Hidden Gems of the Jobs Report Here are three illuminating but largely overlooked numbers from today's jobs report.
NPR logo

Hidden Gems of the Jobs Report

  • Download
  • <iframe src="https://www.npr.org/player/embed/576048959/576058898" width="100%" height="290" frameborder="0" scrolling="no" title="NPR embedded audio player">
  • Transcript
Hidden Gems of the Jobs Report

Hidden Gems of the Jobs Report

  • Download
  • <iframe src="https://www.npr.org/player/embed/576048959/576058898" width="100%" height="290" frameborder="0" scrolling="no" title="NPR embedded audio player">
  • Transcript


I'm Stacey Vanek Smith, and this is THE INDICATOR, Planet Money's quick take on numbers in the news, and today is jobs day.


VANEK SMITH: You've probably already heard the headline jobs numbers that came out this morning. The unemployment rate for December held steady at 4.1 percent and the economy added 148,000 jobs. But these numbers are just the surface of the monthly jobs report. The report is this really amazing collection of data, and it tells you a huge amount about what's going on with jobs in America.


VANEK SMITH: So today on the show, we are bringing you three indicators, three numbers in the jobs report that you don't normally hear, and they give us a real insight into what's going on with work in America.

JUSTIN WOLFERS: How much in the weeds do you want to go?

VANEK SMITH: We can go all the way into the weeds.


VANEK SMITH: Take us to the weeds.


VANEK SMITH: So what we're going to do on the show today is talk to three different economists about their favorite numbers in the jobs report. What are the sleepers? What are the unsung heroes of data? First up is Elise Gould.

ELISE GOULD: I am a senior economist at the Economic Policy Institute.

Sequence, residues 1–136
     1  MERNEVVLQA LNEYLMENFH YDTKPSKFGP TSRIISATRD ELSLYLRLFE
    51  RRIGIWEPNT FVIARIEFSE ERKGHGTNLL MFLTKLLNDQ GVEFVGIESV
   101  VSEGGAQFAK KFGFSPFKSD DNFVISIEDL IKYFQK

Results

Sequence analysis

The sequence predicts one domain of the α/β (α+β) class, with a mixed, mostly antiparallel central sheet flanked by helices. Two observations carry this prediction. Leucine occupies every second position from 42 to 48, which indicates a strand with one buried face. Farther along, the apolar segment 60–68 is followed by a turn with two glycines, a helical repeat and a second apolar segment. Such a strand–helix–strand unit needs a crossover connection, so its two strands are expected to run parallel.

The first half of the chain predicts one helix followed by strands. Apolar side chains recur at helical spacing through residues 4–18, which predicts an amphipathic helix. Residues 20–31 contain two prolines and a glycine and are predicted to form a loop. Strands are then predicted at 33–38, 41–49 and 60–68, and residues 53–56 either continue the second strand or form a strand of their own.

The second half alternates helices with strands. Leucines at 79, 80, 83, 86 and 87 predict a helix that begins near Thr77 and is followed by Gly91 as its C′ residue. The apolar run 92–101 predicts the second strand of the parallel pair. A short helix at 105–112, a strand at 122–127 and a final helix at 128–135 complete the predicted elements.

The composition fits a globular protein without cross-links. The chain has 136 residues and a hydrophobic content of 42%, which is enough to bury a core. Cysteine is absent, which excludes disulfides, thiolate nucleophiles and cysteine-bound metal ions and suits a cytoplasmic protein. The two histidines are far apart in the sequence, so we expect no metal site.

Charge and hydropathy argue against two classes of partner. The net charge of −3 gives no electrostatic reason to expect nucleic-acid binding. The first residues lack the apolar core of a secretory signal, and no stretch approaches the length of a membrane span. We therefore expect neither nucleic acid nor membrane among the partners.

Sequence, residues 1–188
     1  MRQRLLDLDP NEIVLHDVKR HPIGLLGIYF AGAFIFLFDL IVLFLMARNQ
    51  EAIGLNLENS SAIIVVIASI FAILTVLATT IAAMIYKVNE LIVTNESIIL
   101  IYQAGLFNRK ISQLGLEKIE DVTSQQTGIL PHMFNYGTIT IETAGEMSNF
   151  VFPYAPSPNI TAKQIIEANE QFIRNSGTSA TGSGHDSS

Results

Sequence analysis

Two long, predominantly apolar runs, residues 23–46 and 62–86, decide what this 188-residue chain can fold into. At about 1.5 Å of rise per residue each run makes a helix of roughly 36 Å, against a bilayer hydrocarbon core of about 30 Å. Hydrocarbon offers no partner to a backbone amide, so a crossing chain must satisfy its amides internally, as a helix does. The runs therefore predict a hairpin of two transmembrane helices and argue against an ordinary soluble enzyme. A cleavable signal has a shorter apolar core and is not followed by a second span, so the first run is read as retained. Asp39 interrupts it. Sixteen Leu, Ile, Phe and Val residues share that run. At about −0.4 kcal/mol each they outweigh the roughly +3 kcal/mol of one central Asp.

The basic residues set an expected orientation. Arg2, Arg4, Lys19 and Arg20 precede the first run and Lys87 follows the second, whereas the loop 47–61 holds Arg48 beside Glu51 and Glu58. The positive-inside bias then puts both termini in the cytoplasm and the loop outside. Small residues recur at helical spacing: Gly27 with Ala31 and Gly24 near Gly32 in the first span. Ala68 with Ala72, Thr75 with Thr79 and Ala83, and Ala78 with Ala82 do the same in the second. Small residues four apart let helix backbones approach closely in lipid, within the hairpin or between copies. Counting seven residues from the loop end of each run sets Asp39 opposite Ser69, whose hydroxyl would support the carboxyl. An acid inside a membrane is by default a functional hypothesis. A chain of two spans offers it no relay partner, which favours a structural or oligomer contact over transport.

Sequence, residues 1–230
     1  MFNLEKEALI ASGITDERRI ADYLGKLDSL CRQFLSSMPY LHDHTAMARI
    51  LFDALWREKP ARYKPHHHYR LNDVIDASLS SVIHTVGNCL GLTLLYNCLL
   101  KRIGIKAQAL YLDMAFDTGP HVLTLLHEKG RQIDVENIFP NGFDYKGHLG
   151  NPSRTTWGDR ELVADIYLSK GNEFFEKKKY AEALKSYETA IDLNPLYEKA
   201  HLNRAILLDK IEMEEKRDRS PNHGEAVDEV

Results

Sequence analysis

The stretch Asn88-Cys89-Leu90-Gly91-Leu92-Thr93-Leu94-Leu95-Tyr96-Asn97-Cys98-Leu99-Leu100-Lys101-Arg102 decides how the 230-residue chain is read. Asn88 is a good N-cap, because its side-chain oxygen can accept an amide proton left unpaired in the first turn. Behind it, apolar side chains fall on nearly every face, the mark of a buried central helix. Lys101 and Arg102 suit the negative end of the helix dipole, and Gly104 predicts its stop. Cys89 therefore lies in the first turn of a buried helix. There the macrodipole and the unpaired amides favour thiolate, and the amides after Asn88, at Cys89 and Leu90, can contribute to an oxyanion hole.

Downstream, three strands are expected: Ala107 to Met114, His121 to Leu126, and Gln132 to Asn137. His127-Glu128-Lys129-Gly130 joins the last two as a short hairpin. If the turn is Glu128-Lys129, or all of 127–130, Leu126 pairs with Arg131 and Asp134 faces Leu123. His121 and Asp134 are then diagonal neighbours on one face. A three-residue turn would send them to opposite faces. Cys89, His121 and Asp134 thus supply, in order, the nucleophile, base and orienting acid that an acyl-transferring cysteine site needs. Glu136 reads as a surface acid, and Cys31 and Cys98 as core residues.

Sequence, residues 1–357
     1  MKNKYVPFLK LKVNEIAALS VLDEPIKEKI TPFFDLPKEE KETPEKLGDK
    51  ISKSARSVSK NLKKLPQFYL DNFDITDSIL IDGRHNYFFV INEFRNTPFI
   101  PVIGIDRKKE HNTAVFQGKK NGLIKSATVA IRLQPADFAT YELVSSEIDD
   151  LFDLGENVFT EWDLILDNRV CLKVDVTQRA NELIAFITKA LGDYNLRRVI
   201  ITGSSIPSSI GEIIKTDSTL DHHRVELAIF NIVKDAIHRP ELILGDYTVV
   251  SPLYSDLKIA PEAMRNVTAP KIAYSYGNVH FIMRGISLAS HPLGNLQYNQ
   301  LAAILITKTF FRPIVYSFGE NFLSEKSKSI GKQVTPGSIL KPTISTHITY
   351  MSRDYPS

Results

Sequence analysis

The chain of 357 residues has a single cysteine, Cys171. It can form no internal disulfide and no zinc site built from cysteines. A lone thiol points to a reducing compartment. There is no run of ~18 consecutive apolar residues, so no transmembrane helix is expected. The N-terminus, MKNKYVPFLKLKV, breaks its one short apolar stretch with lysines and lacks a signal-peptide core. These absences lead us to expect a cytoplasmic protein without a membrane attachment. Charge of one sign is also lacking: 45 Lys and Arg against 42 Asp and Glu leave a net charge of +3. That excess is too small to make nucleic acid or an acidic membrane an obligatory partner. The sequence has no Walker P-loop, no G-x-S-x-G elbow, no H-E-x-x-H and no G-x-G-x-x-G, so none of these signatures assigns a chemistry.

VANEK SMITH: Elise says when the jobs report comes out, her eyes go straight to one number.

GOULD: The share of the prime age population who has a job.

VANEK SMITH: This is the percentage of people between the ages of 25 and 54 who have a job. And there are two key parts of this. The first part is the age part - ages 25 to 54.

GOULD: So you're getting rid of anyone 55 and above, you know, the baby boomer, retirement or anything like that, and getting rid of people that are below 25, so people who might be making decisions to go to college or to stay in school.

VANEK SMITH: So you're just looking at people who are prime working age and then you're asking what percentage of them have a job. The answer, according to today's job report, is our first indicator - 79.1 percent. Right now, 79.1 percent of the people living in this country between the ages of 25 and 54 have a job, which means more than 20 percent of them don't have a job. Now, some of the people who aren't working are choosing to stay home, raising kids, taking care of a parent or maybe they just worked at the right startup and hitched their wagon to a unicorn. But some of these prime-age people still want a job, and Elise says even after years of economic recovery, this indicator has not gotten back to where it was before the recession. Not everybody has gone back to work.

GOULD: I think that that is why employers don't feel the need to offer higher wages and to see that stronger wage growth because they know that there are still a lot of workers waiting in the wings.